Objet Geometries is an Israeli company with some nifty new 3D printers. They did a press release recently that got some play: 3D Printers Play Starring Role in New Animated Film Coraline. The story goes like this. Coraline is a stop-motion animated movie. That is, people are moving little puppets around a big model house and taking snapshots to make a movie one frame at a time. But making these little puppets is hard. So why not use 3D printing to create them? Here’s an example of how it works.
I love 3D printing, so my first thought was: how cool.
But there’s something very odd about this. They’re going from the computer model to a 3D printout to create a video frame that’s stored on a computer. That sounds to me like a very painful way to do computer-generated graphics. Something like carving your email on a tree trunk and flinging it at your friend. Or scratching a note on the back of your cell phone and gluing it to a postcard.
I know that photography of real scenery lit by honest-to-goodness light has a special richness that movie makers crave. And stop-motion animators are an obsessive bunch. But it’s so expensive and loopy compared to the computer graphics it resembles that I have to think this genre is a dying breed.
7 thoughts on “Printing Coraline”
How do you measure “loopy”? You say it’s more expensive to to stop motion; clearly you’ve done a thorough analysis or you wouldn’t have said that. What were the result you found after comparing the costs of producing CG with all the R&D and IT staff and software licenses and server hardware that becomes obsolete over the course of a production and workstations the become obsolete over the course of a production with the costs of stop motion?
Doug Piranha, here, has some issues with technology obsolescence but doesn’t seem to grasp that everything used to produce a motion picture becomes obsolete. The makers of Coraline have a storehouse of figurines and sets from every frame of their endeavour to show for their efforts. And, everything that was 3D printed had to be generated on the computer first, which required R&D and IT staff and software licenses and server hardware, etc.
Oops, now I’m getting a bit catty!
Catty comments make the world go around. Otherwise where would the fun be? But in answer to Dave’s comment, why yes, I never say a word without doing a thorough analysis of all pertinent background material. Oops… I meant to de-escalate. Dave, if you have some numbers to set me straight, I’d love to hear them. I should have said “it seems loopy to me.” And so it does. But all stop-motion animation seems kinda loopy to me. That’s one of the things that’s so fascinating about it.
It’s too bad that my comment could be considered catty, because it means people have lost the ability to distinguish between pettiness and a request for someone to justify their position.
No, I’m old-school, which in this case means that I think it’s my responsibility to gather information needed to support my statements. I write software for a living, and when I say we need to so something in such and such a way, I need to have confidence from personal experience that my statement is correct because otherwise I’ll lead my coworkers astray. So as a matter of principle, I say it’s not my job to correct Ned, but rather it’s *his* job to have research to back his position. That’s not the flashy, sexy, charismatic way of doing it, but it’s the responsible way of doing it.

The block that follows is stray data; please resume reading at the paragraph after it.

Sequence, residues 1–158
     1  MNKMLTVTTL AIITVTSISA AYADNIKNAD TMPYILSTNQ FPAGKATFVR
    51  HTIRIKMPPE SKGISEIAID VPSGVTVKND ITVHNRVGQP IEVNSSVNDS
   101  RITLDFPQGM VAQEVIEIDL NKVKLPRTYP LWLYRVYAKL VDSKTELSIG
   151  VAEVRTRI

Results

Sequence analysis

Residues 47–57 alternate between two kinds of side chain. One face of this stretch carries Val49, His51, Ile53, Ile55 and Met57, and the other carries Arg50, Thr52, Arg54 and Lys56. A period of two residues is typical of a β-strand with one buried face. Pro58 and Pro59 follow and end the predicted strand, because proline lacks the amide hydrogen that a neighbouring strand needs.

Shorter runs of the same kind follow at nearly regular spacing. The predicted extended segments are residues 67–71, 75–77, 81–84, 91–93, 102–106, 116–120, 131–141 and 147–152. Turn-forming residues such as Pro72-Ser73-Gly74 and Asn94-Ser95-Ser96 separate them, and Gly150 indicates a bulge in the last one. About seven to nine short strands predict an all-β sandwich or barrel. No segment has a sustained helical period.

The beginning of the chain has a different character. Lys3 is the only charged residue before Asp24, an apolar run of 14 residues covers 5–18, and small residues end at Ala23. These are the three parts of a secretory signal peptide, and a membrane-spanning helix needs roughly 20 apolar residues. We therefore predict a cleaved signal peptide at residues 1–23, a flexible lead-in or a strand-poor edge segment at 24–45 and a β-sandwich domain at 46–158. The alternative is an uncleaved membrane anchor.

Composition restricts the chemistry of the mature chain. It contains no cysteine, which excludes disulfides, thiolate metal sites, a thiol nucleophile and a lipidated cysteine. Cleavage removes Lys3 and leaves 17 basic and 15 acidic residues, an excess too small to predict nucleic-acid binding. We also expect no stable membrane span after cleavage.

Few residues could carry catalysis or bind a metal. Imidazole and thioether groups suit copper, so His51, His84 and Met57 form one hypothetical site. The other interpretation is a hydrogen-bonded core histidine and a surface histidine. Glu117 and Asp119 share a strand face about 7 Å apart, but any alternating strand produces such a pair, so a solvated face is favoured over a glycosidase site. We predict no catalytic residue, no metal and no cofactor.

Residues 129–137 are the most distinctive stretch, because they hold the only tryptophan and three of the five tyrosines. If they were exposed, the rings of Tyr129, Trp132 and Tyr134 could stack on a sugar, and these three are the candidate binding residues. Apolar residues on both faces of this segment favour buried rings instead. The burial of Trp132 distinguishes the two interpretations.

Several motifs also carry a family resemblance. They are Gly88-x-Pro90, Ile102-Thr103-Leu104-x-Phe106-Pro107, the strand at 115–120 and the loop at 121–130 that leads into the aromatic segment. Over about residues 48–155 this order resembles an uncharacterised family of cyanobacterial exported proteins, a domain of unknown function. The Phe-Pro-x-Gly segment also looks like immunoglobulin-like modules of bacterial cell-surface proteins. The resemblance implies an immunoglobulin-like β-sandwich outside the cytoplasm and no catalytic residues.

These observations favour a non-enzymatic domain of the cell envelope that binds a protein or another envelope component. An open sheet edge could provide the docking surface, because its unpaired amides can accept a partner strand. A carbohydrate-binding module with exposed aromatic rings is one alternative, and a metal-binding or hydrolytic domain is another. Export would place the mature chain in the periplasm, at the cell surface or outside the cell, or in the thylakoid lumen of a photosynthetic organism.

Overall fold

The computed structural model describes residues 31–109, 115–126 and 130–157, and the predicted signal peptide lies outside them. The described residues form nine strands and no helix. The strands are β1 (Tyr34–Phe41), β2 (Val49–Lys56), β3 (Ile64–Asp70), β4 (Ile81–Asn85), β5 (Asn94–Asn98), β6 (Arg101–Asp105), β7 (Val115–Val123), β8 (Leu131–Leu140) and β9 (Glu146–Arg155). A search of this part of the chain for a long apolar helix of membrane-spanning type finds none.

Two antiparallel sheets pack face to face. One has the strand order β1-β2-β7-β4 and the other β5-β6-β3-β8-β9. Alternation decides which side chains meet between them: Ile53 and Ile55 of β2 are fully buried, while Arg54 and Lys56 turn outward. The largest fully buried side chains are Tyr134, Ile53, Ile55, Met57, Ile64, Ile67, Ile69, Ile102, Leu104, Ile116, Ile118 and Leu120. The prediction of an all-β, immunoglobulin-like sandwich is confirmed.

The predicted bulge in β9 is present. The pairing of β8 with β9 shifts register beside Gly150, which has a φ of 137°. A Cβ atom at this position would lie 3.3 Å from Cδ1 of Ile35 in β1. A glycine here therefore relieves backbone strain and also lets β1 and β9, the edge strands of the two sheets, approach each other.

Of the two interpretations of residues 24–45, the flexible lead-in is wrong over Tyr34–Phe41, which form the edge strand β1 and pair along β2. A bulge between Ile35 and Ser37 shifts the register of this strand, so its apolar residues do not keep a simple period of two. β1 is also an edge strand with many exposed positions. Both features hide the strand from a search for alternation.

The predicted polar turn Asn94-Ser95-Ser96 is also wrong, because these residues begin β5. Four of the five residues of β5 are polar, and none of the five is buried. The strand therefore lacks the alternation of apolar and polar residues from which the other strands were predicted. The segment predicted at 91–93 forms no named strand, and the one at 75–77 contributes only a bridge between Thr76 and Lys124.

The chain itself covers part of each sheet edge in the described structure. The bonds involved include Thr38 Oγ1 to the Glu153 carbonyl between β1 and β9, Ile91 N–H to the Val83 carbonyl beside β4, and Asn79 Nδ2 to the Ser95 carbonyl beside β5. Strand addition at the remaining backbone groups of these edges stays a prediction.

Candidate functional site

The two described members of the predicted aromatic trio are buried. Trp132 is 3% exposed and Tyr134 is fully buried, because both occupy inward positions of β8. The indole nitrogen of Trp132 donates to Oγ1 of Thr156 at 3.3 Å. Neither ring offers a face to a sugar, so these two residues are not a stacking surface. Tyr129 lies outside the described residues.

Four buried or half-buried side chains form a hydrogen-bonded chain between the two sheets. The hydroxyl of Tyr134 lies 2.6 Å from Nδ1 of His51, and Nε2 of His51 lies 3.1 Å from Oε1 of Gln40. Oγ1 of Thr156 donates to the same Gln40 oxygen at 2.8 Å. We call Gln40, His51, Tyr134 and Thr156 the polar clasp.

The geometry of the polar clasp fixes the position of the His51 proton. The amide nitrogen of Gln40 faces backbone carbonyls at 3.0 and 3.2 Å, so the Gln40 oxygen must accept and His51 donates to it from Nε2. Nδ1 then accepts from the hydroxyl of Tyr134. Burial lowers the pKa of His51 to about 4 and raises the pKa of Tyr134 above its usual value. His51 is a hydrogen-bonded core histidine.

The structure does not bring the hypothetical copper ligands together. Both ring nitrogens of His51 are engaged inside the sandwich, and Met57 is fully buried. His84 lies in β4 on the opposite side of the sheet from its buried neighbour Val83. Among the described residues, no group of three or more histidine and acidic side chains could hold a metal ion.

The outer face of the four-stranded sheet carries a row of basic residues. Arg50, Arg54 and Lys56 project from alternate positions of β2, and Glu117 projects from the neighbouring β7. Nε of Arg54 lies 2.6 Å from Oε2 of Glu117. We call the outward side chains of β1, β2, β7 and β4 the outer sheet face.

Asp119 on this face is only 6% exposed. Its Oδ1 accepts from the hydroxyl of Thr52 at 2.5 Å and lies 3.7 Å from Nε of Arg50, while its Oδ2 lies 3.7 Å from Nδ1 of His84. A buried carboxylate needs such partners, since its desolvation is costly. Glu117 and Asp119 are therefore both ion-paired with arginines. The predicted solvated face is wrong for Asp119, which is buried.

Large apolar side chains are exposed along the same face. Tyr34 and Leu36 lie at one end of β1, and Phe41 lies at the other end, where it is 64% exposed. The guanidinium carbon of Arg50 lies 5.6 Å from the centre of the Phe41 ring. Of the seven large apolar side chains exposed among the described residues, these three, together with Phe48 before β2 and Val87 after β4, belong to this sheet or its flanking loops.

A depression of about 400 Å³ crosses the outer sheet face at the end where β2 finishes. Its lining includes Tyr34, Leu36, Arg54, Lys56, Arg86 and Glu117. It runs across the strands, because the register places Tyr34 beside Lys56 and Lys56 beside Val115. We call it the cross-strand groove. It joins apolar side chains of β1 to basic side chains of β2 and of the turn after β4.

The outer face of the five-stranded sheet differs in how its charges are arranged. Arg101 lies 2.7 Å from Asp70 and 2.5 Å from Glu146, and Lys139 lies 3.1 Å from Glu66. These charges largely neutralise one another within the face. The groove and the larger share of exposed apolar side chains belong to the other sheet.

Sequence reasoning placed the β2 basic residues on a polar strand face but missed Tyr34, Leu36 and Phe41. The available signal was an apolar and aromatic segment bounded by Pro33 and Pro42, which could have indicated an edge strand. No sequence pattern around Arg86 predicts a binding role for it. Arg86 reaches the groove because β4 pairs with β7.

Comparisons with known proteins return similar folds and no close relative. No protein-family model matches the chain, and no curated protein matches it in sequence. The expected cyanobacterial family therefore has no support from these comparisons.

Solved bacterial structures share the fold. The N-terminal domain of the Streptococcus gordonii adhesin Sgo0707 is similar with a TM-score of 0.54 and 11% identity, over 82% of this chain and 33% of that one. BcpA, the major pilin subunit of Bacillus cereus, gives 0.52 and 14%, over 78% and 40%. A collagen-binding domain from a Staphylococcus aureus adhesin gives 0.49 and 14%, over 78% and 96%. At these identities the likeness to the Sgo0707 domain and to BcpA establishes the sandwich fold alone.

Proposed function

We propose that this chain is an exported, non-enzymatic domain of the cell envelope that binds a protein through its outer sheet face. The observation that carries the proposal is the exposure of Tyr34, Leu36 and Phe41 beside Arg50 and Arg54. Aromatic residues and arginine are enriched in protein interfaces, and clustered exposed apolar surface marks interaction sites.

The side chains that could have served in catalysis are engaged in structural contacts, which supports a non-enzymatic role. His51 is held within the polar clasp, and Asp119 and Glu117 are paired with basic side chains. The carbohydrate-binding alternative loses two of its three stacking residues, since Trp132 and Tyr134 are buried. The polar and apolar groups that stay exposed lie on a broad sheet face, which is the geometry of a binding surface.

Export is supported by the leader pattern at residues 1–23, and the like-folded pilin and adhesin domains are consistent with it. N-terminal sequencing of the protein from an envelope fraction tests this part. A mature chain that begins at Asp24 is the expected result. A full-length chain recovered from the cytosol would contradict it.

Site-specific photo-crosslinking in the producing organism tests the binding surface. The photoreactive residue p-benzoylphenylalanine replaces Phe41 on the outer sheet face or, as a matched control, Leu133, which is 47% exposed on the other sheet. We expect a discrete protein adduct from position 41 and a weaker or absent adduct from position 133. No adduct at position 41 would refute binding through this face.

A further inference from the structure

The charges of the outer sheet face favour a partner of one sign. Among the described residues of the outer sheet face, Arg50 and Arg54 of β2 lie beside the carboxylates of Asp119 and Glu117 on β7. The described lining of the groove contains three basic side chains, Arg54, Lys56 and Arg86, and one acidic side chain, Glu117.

Though my primary employment these days is writing software at the UI, business logic, and database levels, I have done stopmo and CG on films (as well as practical effects and motion control, but they aren’t directly related to this topic), so I have a feel for where the money and time goes. It gets spent in different ways depending on the technology used, and if you ever sit through the credit roll you’ll see that there is an army of people working on stopmo films, just as there is an army of people working on CG films.
Dave, I think I would actually take issue with the idea that it’s people’s responsibility to research the topics of their blog posts. I’m not saying that it isn’t a noble endeavor, but half-baked ideas are what make the internet go ’round.
If this were a blog dedicated to CGI films, then yes, Ned should probably know a bit more about it. However, as it’s a general blog dealing with science and technology, well, I’m sure there are plenty of topics that Ned has discussed on which he is not an expert. So what happened is something caught his attention, and he wrote about it. Then it caught your attention, and you added to it. You don’t get more internet than that, unless you’d included a bit about “I AM IN UR [noun], [verb]IN UR [other noun]!”
“half-baked ideas are what make the internet go ’round”
The internet has nothing to do with it, and you either know it and are exploiting that for your own pleasure, or are an example of how opening one’s mouth before being able to support what’s about to come out causes nothing but problems that other (responsible) people have to clean up after, if it’s even possible. Arrogance and ignorance are inexcusable because of the trail of destruction that is left in the wake. No one will die because this blogger doesn’t check facts, but it shows a callousness that will spill over to things that matter.
Oh, and stating proven, well-established facts as I have just done isn’t arrogance. Heresy, perhaps, but not arrogance.
…okay then, this obviously runs deeper than the films of Henry Selick.
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